The Institute for Veterans and Military Families (IVMF) has announced two new members to its advisory board with the appointments of Mark Elliott, global head of military and veterans affairs for JPMorgan Chase—IVMF’s founding partner—and Ken Fisher, co-managing partner of…
IVMF Report Cites Decrease in Unemployment Rates for All Vets and Post-9/11 Generation for 2012
The Institute for Veterans and Military Families at Syracuse University (IVMF) released its Annual Employment Situation of Veterans for 2012. This report details and deconstructs the employment situation of veterans based on data from the Bureau of Labor Statistics (BLS) annual employment report for the year 2012.
The annual report also presents trend analysis based on the national employment situation of both veterans and non-veterans for the period 2000 through 2012. Data from the report comes from Current Population Survey (CPS) annual averages published by the BLS.
Overall, the 2012 unemployment rate for veterans was 7 percent. This level represents a decrease in the unemployment rate from 2011, which stood at 8.3 percent. The unemployment rate for Gulf War era II (post-9/11) veterans for 2012 was 9.9 percent, a decrease from 12.1 percent in 2011. While Gulf War era II veterans between the ages of 20-24 still maintain the highest rate of unemployment at 20.6 percent, the 2012 rate demonstrates a 9.3 percent decrease from 2011, which stood at 29.9 percent. The unemployment rate of Gulf War era II veterans ages 20-24 continues to compare unfavorably to that of their non-veteran counterparts (ages 20-24), which stands at 13.2 percent for 2012.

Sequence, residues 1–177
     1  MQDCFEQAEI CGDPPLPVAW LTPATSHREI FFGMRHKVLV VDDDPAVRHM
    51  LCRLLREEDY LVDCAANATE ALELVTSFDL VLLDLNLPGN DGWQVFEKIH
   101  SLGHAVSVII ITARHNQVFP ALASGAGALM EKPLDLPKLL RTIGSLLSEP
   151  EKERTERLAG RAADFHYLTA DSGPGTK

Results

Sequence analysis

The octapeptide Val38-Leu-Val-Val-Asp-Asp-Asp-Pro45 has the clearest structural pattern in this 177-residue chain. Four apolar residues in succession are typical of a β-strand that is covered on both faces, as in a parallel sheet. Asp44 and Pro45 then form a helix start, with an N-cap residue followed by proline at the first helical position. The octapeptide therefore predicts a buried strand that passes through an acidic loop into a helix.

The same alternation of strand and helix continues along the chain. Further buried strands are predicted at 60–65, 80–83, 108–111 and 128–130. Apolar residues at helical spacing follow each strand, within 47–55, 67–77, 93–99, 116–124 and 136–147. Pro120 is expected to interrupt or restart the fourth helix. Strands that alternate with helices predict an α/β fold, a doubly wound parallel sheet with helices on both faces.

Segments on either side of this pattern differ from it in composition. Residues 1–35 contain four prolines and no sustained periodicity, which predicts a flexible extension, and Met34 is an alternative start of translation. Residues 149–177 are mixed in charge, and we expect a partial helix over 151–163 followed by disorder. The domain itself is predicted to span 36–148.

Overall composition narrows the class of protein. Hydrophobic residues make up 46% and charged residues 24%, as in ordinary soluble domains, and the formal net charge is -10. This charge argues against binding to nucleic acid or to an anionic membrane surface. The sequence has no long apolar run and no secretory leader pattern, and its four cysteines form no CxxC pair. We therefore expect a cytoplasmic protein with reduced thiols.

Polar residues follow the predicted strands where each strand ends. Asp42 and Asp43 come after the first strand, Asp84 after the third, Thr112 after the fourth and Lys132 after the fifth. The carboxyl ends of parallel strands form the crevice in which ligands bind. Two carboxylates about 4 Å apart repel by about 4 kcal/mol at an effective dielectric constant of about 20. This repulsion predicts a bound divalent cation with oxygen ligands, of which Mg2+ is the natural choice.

The IVMF also conducted trend analysis focused on the changing employment situation of both veterans and non-veterans from 2000-2012, and for Gulf War era II veterans from 2008-2012. Over this time period, the unemployment rate of Gulf War era II veterans has remained higher as compared to both non-Gulf War era II veterans and non-veterans.
Female Gulf War era II veterans have experienced the highest unemployment rates during this five-year period: the average unemployment rate for female veterans was 11.1 percent, as compared to 7.1 percent for female non-veterans. For 2012, veterans ages 20-24 are unemployed at a rate 13 percent higher than their non-veteran, age group counterparts. While this employment gap between the country’s youngest veterans and their non-veteran, age group counterparts decreased from 2011 levels (21.2 percent), it remains significantly higher as compared to pre-2004 levels.
In addition to its annual employment reports, the IVMF issues a fact sheet on the first Friday of each month representing the current snapshot of the month-to-month change in the employment situation of America’s veterans. This report both summarizes and deconstructs data released monthly by the BLS. An archive can be found on the IVMF website. The monthly reports additionally describe innovative and new veteran employment initiatives in the private and public sectors.
Those interested in subscribing to monthly and annual employment situation reports may do so by sending an email to email@example.com. Questions or media inquiries about the IVMF’s 2012 annual employment report may be directed to Jaime Winne Alvarez, director of communications, at 315-443-0177 or firstname.lastname@example.org.